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Earth X (Review/Retrospective)

To get ready for Iron Man 3, we’ll be taking a look at some Iron Man and Avengers stories, both modern and classic. We hope to do two or three a week throughout the month, so check back regularly for the latest update.

“Your kind does love to rewrite history, Richards,” the Watcher observes towards the end of Earth X, after we get an introduction and brief recap of the life of Tony Stark. Almost every issue of the collection opens with a review of an iconic Marvel character’s back story, as writer Jim Krueger and plotter Alex Ross attempt to tie the tapestry of the Marvel universe together in some way. It turns out that everything a character underwent wasn’t just their own personal development, but part of a broader tapestry of history within the Marvel universe. No character evolution, it seems, happens in isolation. Everything is interconnected, even if we (or the writers or the characters) never realised it at the time.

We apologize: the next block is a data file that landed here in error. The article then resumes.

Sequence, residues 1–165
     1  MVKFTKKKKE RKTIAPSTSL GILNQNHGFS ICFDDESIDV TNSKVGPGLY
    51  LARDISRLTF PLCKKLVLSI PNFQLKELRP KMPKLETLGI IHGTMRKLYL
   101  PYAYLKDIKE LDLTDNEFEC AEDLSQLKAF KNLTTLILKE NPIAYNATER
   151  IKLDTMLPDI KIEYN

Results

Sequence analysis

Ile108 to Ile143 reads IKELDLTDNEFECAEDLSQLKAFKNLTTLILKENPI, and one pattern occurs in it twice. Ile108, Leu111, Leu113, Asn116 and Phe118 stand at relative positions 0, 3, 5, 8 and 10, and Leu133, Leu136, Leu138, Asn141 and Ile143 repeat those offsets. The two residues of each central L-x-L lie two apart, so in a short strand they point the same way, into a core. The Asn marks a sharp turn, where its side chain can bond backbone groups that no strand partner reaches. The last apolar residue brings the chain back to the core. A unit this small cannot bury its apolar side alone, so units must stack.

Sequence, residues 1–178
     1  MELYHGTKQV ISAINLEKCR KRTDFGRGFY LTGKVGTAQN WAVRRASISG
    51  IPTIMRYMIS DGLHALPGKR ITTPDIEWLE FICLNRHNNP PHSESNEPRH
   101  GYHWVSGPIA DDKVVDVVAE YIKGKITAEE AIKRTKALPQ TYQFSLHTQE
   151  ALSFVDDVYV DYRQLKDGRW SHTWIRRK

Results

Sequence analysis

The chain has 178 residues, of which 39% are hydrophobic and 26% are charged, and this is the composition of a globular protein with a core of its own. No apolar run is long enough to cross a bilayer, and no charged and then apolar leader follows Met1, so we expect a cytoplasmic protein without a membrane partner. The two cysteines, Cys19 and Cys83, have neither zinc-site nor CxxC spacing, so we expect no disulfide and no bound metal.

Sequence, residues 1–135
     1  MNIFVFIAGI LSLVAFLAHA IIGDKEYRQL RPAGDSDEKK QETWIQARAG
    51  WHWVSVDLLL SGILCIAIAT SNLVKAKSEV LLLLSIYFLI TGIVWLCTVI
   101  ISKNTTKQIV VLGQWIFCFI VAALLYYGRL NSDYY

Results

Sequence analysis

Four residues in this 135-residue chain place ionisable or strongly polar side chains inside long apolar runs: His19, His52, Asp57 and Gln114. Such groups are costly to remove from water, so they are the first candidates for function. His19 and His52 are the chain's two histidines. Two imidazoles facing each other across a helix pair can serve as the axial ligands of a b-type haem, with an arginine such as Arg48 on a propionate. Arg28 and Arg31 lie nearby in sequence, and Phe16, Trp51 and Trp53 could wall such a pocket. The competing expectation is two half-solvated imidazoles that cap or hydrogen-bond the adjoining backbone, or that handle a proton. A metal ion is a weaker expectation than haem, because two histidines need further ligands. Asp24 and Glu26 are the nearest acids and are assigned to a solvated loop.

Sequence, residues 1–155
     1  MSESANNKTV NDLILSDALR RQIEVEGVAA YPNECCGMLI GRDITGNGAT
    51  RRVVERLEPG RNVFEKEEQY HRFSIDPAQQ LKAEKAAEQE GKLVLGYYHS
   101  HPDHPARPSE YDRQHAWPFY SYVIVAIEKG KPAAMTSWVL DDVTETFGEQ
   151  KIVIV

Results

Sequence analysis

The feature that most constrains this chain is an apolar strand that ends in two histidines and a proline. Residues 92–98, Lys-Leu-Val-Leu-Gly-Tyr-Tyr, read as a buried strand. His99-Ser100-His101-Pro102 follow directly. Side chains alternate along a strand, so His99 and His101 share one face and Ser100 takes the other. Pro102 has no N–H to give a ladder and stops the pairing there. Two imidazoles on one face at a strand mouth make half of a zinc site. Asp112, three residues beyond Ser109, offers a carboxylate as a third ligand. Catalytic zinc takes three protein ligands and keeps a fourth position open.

Earth X is really just an attempt to tie most of the Marvel universe up in one gigantic knot, to connect everything to everything else. In a way, published in 1999, it seems to foreshadow the current era of Marvel publishing, where absolutely everything within in the shared universe must somehow be connected to something else. Avengers vs. X-Men, for example, would connect the Phoenix from the X-Men to the Iron Fist mythology. Grant Morrison’s New X-Men connected the Weapon X project to the development of Captain America. The X-Men and the Avengers must be united as part of Uncanny Avengers.

In many ways, Earth X reads more interestingly as a treatise than as a comic story. It’s far stronger as a thought-experiment than an actual narrative. It’s more fun on purely technical level, watching Jim Krueger and Alex Cross connect all those dots, than it is as an adventure in its own right.

Stellar...

Stellar…

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